I have compiled a list of many remoter, harder Irish offshore islands and rocks, and on which, which kayakers are thought at present to have landed there “first”. This hopes to reflect in an obscure way an interesting insight into a small part of what Irish sea kayakers were at in the late 20th century.
A spin-off of the evolution of Oileáin is the possibility to reflect the activities of Irish sea kayakers in the late 20th century. Kayakers measure their performance in many ways. Some always want distance, some want scenery, caves, rough water, ceteceans, headlands, islands. But some, a few, want difficult landings, normally difficult island landings. Mountaineers have their first ascents, but some kayakers, like astronauts, count first landings. I have attempted to chronicle in some small way an aspect of all that here.
Landings anywhere can be difficult with conditions, but this study considers landings that are achievements at the best of times. On the one hand this virtually always requires the absence of a technically easy landing once the kayak has arrived, but there are exceptions. An exceptionally difficult passage (e.g. Inishtrahull) can sway the balance. Exceptional good luck or swimming ashore is usual. On the other hand, technical difficulty would rarely if at all be enough of itself for this study, unless extreme. A remote rock somewhere is almost always in question. There is usually a combination of factors. There always needs to be some off putting factor also present. Introduce technical difficulty, or distance off the land, or remoteness otherwise, and/or off-putting currents or conditions, and the recipe becomes complete.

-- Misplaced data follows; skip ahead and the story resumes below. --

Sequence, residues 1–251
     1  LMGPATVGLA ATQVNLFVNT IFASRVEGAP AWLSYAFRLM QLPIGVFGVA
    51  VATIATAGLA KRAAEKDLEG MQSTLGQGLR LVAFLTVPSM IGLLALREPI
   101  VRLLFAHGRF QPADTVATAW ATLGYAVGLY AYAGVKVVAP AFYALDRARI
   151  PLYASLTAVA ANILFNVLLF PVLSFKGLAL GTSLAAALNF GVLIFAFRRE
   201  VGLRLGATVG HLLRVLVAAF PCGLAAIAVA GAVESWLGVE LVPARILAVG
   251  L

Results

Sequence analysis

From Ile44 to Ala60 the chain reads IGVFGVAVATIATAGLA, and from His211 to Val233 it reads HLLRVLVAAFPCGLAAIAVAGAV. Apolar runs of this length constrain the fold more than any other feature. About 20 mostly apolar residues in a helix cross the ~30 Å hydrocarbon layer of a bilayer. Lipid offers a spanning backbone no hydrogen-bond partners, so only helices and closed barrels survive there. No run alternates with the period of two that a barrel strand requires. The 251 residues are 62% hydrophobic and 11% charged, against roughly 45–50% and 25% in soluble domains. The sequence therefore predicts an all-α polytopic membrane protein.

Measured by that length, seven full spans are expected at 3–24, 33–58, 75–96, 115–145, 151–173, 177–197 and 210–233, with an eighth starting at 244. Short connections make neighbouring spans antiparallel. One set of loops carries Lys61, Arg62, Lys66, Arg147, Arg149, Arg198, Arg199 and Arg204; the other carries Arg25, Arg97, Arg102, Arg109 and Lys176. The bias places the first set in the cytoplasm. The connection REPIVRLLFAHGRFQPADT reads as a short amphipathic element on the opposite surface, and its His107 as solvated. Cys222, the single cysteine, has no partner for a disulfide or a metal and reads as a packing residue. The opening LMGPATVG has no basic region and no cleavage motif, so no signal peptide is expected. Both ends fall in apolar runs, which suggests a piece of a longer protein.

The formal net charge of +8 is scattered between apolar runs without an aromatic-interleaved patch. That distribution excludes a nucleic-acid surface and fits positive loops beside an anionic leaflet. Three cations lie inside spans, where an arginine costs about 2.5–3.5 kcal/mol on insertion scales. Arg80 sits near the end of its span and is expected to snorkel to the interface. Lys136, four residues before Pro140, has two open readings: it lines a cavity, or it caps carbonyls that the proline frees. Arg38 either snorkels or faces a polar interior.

Such remote rocks often have lighthouses. Landing onto hard rock from a kayak is entirely different (and almost always more difficult than) from other boats. One steps off a boat onto rock at the same height, but one slithers out of a kayak up onto rock. Remote lighthouse rocks tend to count.
|Maidens||Yes||Not known||Early ?|
|Rockabill||Yes||Local paddler Sean Pierce, but probably many times previously.||1990 onwards|
|Tuskar RockConingmore Rock||Yes
|Dave Elwod, Ger Lally, Jim Fox
|Fastnet||Yes||Simon Brewitt, Ann Bogan, Joanna McInerney||1988|
|Dursey Calf||Yes||2 Kerry paddlers||2011|
|Dursey Cow||Yes||3 Kerry paddlers||2011|
|Scariff Island||Yes||Paul Butcher, Aisling Conroy||1984|
|Lemon Rocks||Yes||David Walsh, Fred Cooney||1995|
|Little Skellig||Yes||David Walsh, Fred Cooney||1995|
|Great Skellig||Yes||Not known.||Early ?|
|Washer Woman Rock||Yes||Conor Murray||2009|
|Great Foze Rocks||Yes||Mick Murphy and Claire Knight||1983|
|Littlet Foze Rocks||Yes||Eileen Murphy aka Pirate Queen||2006|
|Eeragh Island, Inishmore||Yes||Dave Kavanagh||2000|
|Skerdmore||Yes||Stephen Hannon, Gary McMahon||1994|
|An Buachal||Yes||David Walsh, Sean Pierce, Josie Gibbons||2003|
|Bills Rocks||Yes||Stephen Hannon, Kevin O’Callaghan||1994|
|Black Rock||Yes||David Kavanagh, John Hannan, Aengus Parsons & Brian Coll(?)||1999|
|Eagle Island||Yes||Dave Kavanagh||1997|
|Stags of Broadhaven Teach Dónal Ó’Cléirigh An Teach Mór An Teach Beag Carraig na Faola an t-Oighean||Yes Yes Yes No No||Fred Cooney (didn’t summit) Sean Pierce (summitted) David Walsh, Fred Cooney, Josie Gibbons (summitted) Colm Pierce, David Walsh (summitted)||1996 2003 2003 2003|
|Stags of OweyGarvan Isles||Yes, solo
|Petr SedlarDavid Walsh, Dave Carraher, Dave Kavanagh||20112003|
|Inishtrahull||Yes||Joe Rotheram and Charlie Cassidy||1983|
|Torr Mor||Yes||Sean Pierce, Josie Gibbons||2003|
|Torr Beg||Yes||Michael Roulston, Denis Gallagher, Eadaoin Healy||2003|
|Tor Beg (most north), North Rocks (most east), Fastnet (most south) and Great Foze Rock (most west), combination achievement.
||Yes||Conor Murray||2010 2011 2012|